tem·​er·​ar·​i·​ous ˌte-mə-ˈrer-ē-əs How to pronounce temerarious (audio)
: marked by temerity : rashly or presumptuously daring
a temerarious comment
temerariously adverb
temerariousness noun

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Temerarious Has Latin Roots

If you have guessed that temerarious may be related to the somewhat more common word temerity, you are correct. Temerarious was borrowed into English in the early 16th century from Latin temerarius, which in turn derives from Latin temere, meaning "blindly" or "recklessly." Temerity, which arrived in English over a century earlier, also derives from temere; another descendant is the rare word intemerate,meaning "pure" or "undefiled." Temere itself is akin to Old High German demar, Latin tenebrae, and Sanskrit tamas, all of which have associations with darkness.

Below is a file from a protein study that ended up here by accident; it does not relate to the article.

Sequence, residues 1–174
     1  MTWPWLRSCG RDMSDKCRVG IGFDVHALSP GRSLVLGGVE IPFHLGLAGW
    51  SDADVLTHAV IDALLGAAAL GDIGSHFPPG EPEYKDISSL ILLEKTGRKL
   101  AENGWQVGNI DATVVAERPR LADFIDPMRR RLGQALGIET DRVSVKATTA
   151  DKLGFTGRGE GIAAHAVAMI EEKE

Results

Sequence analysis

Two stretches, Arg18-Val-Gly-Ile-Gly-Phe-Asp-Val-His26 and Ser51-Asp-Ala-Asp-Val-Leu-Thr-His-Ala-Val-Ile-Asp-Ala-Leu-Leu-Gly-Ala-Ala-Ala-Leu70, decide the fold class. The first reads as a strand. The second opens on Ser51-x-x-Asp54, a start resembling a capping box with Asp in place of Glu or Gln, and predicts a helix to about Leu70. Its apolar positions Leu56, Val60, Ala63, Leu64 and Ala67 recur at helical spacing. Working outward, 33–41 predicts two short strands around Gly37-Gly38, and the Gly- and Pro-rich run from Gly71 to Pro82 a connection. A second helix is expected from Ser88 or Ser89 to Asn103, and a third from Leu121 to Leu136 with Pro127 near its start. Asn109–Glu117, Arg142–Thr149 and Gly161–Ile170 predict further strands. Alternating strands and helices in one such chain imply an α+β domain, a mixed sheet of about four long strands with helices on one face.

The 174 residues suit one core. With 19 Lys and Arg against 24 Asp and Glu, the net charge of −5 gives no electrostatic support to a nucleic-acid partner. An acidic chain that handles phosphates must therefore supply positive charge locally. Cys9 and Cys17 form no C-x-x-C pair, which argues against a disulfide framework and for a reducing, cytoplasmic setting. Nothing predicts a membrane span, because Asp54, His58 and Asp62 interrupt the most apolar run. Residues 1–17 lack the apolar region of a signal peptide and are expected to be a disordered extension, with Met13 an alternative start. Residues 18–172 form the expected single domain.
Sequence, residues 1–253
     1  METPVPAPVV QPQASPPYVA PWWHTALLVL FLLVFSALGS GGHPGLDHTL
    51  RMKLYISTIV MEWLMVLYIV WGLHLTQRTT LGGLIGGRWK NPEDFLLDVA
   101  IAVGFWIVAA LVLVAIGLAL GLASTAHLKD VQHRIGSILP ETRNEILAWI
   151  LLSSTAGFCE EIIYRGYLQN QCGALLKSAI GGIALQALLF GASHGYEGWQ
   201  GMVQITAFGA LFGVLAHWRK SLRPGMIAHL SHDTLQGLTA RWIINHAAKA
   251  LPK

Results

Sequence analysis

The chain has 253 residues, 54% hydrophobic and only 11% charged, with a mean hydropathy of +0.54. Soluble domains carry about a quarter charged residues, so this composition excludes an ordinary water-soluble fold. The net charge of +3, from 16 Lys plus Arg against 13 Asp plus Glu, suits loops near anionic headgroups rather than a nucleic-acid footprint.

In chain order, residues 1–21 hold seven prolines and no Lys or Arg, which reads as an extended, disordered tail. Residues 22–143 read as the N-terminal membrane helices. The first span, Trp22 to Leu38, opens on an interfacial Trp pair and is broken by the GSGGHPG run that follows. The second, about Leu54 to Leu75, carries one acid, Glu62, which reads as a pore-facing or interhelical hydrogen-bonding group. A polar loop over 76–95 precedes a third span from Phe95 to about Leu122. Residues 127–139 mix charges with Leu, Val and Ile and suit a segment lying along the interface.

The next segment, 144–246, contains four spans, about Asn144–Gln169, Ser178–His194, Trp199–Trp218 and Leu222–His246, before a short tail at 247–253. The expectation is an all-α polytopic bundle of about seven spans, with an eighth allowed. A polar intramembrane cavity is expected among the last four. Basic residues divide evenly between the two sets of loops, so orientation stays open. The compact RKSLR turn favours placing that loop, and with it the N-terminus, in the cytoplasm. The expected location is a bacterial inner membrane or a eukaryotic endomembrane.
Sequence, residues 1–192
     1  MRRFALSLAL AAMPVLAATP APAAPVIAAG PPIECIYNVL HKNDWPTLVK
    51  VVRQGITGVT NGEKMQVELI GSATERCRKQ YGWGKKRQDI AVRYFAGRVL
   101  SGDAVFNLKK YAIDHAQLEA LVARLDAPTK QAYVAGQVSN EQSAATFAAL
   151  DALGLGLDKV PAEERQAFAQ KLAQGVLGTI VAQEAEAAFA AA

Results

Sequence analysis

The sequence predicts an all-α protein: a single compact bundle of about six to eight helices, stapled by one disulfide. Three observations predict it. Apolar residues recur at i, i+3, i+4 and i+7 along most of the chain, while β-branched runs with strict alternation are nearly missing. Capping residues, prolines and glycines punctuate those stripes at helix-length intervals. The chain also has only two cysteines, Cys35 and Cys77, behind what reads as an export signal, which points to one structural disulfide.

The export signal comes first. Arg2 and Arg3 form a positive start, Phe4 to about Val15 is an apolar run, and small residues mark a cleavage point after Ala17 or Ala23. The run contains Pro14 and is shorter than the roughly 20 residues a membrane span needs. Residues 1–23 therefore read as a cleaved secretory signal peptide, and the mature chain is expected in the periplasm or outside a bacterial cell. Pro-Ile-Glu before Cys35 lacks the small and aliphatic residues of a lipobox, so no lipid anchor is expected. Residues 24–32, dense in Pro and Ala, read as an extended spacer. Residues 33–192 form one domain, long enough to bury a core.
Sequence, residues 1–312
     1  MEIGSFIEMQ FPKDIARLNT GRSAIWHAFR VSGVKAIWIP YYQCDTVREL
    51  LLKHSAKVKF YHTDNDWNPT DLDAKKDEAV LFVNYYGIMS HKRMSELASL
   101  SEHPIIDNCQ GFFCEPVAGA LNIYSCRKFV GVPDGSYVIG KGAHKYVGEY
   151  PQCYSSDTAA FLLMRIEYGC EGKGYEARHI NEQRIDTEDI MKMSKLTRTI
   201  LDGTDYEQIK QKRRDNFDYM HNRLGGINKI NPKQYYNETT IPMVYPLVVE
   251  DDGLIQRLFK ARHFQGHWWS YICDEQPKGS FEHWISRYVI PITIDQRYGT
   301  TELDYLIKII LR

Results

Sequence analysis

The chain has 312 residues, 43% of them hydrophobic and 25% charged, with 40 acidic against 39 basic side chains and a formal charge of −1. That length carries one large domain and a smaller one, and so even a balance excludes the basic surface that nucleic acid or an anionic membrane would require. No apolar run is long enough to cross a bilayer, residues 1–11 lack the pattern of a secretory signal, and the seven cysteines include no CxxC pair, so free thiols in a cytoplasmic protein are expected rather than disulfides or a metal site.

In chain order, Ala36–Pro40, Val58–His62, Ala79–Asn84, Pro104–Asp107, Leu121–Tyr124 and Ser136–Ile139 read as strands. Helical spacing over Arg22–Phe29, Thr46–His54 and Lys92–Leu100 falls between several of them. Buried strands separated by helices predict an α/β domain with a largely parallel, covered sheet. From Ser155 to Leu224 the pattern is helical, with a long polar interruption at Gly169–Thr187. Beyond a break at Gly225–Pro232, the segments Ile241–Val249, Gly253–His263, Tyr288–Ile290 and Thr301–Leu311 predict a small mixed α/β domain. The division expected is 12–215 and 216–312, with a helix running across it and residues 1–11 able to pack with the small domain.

Examples of temerarious in a Sentence

temerarious people rush in without forethought

Word History


Latin temerarius, from temere

First Known Use

1532, in the meaning defined above

Time Traveler
The first known use of temerarious was in 1532


Dictionary Entries Near temerarious

Cite this Entry

“Temerarious.” Merriam-Webster.com Dictionary, Merriam-Webster, https://www.merriam-webster.com/dictionary/temerarious. Accessed 29 Sep. 2023.

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